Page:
New Way: The Government writes a “Tera-Scope” Performance Work Statement (PWS). It covers every aspect of IT services and products including property acquisition and installation, facilities management, operations, software development and sustainment, systems engineering, technology assessment, information assurance, help desk/customer care, training, administrative support and the kitchen sink. Only winners of a contract will get work within the Tera-Scope from that Agency. Any of the […]
Recently Federal Computer Week featured an article entitled: Why agencies are drowning in data. The article was based on a recent survey by Semantic Corporation on effective big data strategies. The survey found that that the main reasons for agencies feeling overwhelmed were data governance and data security. I think, however, they were asking the wrong questions.
The government is currently producing and making available huge amounts of data. I agree that this data needs to be kept secure and managed so it can be made available to the appropriate users. However, I think the bigger question is who is taking the time to look at the data and what are they doing with the information. Take acquisition data, for instance. There are volumes of data about what the government is purchasing, who in the government is making the purchases and what they are buying. Government analysts could be asking questions like:
Are we getting the best price possible on specific commodities?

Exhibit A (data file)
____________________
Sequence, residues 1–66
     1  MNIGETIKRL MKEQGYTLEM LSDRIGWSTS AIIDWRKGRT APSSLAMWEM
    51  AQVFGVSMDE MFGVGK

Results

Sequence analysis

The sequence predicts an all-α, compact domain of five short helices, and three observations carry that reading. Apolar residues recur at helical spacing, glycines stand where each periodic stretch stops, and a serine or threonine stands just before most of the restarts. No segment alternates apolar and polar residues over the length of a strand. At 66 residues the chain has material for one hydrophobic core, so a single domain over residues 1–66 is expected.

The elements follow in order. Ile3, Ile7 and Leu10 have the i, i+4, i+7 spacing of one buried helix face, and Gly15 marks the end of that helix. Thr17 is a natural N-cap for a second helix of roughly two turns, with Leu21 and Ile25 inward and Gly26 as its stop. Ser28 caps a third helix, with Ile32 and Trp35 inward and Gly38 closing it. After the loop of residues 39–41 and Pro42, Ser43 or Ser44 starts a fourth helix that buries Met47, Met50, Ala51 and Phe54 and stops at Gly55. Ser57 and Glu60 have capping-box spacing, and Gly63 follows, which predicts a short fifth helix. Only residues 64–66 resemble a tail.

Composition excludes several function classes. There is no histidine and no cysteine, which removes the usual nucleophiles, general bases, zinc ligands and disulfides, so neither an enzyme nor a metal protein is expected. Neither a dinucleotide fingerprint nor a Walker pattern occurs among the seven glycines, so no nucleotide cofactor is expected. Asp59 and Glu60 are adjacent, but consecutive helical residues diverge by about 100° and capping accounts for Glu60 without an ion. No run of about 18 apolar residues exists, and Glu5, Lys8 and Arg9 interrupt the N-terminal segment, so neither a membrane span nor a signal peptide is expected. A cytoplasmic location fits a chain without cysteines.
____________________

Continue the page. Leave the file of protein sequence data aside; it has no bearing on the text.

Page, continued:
Does one agency negotiate better prices than other agencies?
Why don’t we all get those good prices?
Which contract vehicles are most cost effective?
Is lowest price always the best answer?
Do we get more returns on commercial items that were purchased due to lower prices?
The list could go on and on. The problem is that no one is really looking at the data — truly analyzing it. Analysis of this type is very common in the private sector as businesses try to understand where they fit in a marketplace and how to make their supply chain run more efficiently. Government employees do not look at themselves as running a business. They are always looking for cheaper prices and more efficient business practices, but often do not have the […]
Are too many choices making eCommerce difficult for consumers? Recently I listened to a TED Talk by Dr. Sheena Iyengar, Professor at Columbia University and author of “The Art of Choosing.” eCommerce managers who often pride themselves in how much content they provide their customers should take her observations into consideration.
Many of my friends and colleagues are still “on the inside,” as in working for the Federal Government as civilian employees. I took the plunge 18 months ago; I retired and went to work in the private sector. This blog post is for my friends and colleagues who may be thinking about doing the same thing. I’ve got some points I’d like for you to consider that reach beyond the obvious.
1. You must stay informed. When working for the Federal Government, as long as you know the chain of command in your organization, the goals and objectives set by the organization, and the informal power structure therein, you really don’t have to pay too much attention to the larger world. If policies change the policy people will tell you – and even they have to be in touch with only their assigned area of responsibility. Sure, you are more effective if you continually survey the entire landscape, but you don’t necessarily have to do this.